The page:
PerspectiveSocial Science

Unlocking the Potential of the Spoken Word

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Science  26 Sep 2008:
Vol. 321, Issue 5897, pp. 1787-1788
DOI: 10.1126/science.1157353

The best available evidence suggests that the human brain, and the human facility for language, were already well developed at least by 50,000 years ago (1). For most of the time since then, the spoken word provided the only practical way of using language to share our understanding of the world with others. To this day, people find spoken expression and its visual correlates (such as gesture and facial expression) to be a fluid and compelling way of communicating. It was the invention of writing, however, that ignited the continuing cycle of innovation that we associate with modern society. We now stand at the threshold of a new era, one in which the spoken word can again rise to prominence.

About 5000 years ago, we see the first indications of the emergence of written language (2). Writing has important features that the spoken word lacks, including a degree of permanence that can help to overcome some limitations of human memory. It rapidly proliferated well beyond mere commercial records to play a multifaceted role in complex forms of social organization. This proliferation inspired other innovations: ways of finding documents again, and ways of writing that conveyed the needed context to a reader. The written word also has other attractive qualities (for example, you can read at your own pace), but permanence, findability, and contextualization are responsible for its foundational role in human civilization.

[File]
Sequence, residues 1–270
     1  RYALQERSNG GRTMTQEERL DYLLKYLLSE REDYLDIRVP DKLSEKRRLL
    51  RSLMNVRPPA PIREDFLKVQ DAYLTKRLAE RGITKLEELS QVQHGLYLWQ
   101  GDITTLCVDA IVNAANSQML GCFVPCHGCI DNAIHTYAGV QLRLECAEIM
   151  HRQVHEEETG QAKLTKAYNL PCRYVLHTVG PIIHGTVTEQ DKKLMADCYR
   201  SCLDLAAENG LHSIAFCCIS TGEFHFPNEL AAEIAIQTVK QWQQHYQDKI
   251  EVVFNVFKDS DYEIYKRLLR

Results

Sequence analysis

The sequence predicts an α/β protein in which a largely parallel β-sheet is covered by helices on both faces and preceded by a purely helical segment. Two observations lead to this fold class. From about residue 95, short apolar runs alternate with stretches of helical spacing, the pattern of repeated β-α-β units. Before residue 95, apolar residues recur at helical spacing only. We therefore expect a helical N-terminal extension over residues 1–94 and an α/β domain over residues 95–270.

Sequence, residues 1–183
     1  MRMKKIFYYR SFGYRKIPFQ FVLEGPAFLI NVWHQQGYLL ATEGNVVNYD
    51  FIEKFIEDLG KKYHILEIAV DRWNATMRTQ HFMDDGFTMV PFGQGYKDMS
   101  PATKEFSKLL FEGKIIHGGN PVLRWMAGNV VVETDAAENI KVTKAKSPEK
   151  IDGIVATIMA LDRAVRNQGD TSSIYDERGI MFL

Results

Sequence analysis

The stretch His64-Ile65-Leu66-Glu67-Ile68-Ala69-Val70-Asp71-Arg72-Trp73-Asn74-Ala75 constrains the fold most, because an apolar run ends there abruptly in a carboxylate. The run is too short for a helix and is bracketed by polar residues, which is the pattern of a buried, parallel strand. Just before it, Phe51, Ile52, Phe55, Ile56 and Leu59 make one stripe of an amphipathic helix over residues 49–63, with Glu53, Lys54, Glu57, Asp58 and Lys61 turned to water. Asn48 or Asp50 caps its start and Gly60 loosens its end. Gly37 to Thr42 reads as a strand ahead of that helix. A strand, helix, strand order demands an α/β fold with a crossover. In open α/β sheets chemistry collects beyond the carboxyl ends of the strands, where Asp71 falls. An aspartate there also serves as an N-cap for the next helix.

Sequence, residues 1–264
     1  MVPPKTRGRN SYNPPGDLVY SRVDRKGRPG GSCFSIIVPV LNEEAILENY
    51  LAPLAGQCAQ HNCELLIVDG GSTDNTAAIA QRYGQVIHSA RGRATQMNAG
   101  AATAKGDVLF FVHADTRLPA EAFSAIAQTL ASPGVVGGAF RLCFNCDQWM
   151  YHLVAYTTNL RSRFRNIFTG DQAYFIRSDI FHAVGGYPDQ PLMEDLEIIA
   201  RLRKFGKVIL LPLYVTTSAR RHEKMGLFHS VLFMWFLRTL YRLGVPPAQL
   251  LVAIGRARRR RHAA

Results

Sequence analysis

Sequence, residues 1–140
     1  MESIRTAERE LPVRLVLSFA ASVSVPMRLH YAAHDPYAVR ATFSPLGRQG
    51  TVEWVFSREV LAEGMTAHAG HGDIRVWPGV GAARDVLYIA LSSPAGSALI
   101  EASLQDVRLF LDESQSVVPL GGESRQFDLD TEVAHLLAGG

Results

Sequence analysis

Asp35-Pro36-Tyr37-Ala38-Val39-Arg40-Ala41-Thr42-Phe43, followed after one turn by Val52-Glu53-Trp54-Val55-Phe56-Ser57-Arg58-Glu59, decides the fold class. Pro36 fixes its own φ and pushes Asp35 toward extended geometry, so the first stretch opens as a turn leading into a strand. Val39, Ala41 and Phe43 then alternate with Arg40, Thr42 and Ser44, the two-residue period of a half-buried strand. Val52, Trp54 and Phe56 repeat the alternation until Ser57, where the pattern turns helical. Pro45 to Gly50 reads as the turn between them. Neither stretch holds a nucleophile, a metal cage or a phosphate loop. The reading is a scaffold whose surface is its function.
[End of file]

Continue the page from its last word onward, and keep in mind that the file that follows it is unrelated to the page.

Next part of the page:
For the past century and a half, inventors have chipped away at those advantages. The earliest known recording of a human voice was made in 1860 by Edward Lyon Scott's phonautograph, although it was not until Edison's 1877 better-known phonograph that the human voice could also be reproduced using technology from the same era (3). Later technologies, from wire recorders through reel-to-reel tape recording, were widely adopted for commercial purposes. It was, however, introduction of the compact cassette in 1962 that ultimately made sound recording technology robust and affordable. By the end of that decade, ordinary people could record hundreds of hours of speech, for media costs of about a dollar an hour. Today, digitized speech is easily acquired (for example, using any of the world's 2.5 billion mobile phones), easily transferred over digital networks, and easily stored, all for just a few cents per hour. It would take just $100 or so of networked disk storage to record everything that you will speak or hear this year.